Total Depravity and Left Behind

The latest entry in Slacktivist Fred Clark’s long-running (over six years now) series deconstructing the Left Behind series for its crimes against literature and theology took an interesting rabbit trail this week, as Clark posted a brief dissertation on the Reformed doctrine of Total Depravity. Total Depravity states (quoting from Wikipedia) “that people are by nature not inclined or even able to love God wholly with heart, mind, and strength, but rather all are inclined by nature to serve their own will and desires and to reject the rule of God.” It is of course the first of the five points of Calvinism, though one can find some agreement in Lutheranism and other Christians influenced by Augustinian thought.

In his essay, Clark takes Total Depravity to mean encompassing all aspects of the human being—spirit, conscience, reason, will, physicality—and says this is what Calvin actually argued. He contrasts this definition with how many Christians use the term today, which he says is better defined as utter depravity, meaning absolutely base, vile, rotten to the core. While attacking Left Behind for constantly “telling and not showing” a world gone mad because Christians and children have been raptured from it (a regular Slacktivist refrain: LB is “not scary enough”), he attacks utter depravity as neo-Platonism and ignorant of the divine spark in beings created in God’s image. Going further, he argues utter depravity makes for rather undemocratic politics, as humanity cannot be trusted with the pursuit of justice or rational self-governance. The answer is totalitarianism or lawlessness.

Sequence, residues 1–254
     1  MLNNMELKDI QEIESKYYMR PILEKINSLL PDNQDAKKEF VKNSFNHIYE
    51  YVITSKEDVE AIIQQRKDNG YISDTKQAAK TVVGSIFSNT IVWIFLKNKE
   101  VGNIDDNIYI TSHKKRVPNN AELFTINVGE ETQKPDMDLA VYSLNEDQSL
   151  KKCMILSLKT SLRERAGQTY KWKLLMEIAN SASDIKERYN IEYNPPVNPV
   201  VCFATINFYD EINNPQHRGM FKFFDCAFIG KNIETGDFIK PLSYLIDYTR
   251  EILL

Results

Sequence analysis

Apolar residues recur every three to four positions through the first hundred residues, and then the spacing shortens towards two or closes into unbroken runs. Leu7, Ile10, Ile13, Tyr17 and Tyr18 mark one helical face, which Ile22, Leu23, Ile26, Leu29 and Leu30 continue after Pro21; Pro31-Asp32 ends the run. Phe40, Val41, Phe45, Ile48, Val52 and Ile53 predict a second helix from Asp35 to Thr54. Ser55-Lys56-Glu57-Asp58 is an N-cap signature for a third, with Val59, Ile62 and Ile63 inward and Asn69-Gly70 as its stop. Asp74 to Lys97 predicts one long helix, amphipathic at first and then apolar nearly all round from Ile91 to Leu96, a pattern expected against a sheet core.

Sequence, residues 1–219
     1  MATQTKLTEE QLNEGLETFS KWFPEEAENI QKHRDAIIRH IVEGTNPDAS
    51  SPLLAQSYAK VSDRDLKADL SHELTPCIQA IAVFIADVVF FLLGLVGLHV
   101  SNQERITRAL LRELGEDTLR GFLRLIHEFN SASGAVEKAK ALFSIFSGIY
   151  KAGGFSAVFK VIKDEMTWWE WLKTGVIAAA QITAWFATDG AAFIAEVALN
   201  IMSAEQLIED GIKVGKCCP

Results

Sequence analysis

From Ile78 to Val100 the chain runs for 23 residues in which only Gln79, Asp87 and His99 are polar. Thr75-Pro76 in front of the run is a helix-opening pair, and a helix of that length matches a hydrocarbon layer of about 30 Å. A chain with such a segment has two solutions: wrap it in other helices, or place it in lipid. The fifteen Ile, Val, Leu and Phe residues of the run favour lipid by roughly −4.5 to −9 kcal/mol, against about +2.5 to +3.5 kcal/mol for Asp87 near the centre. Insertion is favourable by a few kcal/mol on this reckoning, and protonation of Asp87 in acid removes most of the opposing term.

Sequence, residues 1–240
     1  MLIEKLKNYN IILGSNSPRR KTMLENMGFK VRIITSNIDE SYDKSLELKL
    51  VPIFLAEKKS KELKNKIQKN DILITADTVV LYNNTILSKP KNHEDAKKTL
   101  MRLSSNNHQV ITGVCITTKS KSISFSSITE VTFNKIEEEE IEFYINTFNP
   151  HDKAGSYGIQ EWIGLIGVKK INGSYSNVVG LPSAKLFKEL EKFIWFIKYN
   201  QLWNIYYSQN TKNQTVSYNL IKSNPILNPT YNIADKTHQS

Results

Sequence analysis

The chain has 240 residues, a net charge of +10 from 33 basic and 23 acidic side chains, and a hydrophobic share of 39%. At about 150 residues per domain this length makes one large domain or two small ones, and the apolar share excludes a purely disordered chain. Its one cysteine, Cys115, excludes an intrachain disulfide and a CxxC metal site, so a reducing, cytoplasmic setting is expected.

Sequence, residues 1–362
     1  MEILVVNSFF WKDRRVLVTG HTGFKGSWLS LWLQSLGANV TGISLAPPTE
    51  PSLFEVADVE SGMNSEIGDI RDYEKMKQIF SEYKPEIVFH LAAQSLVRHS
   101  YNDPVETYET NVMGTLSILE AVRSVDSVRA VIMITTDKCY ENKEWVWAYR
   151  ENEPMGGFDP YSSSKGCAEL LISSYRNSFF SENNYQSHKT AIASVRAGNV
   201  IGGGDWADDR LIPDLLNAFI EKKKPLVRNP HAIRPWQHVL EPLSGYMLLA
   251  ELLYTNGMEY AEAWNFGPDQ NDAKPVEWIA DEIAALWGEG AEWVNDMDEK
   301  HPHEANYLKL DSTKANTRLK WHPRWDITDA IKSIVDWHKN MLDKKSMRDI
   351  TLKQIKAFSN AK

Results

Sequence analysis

A committed Calvinist would say Clark flirts with semi-pelagianism in this interpretation. Still, I thought it was worth a read, as is much of the work in Clark’s Left Behind series. Six years in and only the first movie and a book-and-a-half done. Maybe he’s banking on a thousand-year reign after all…

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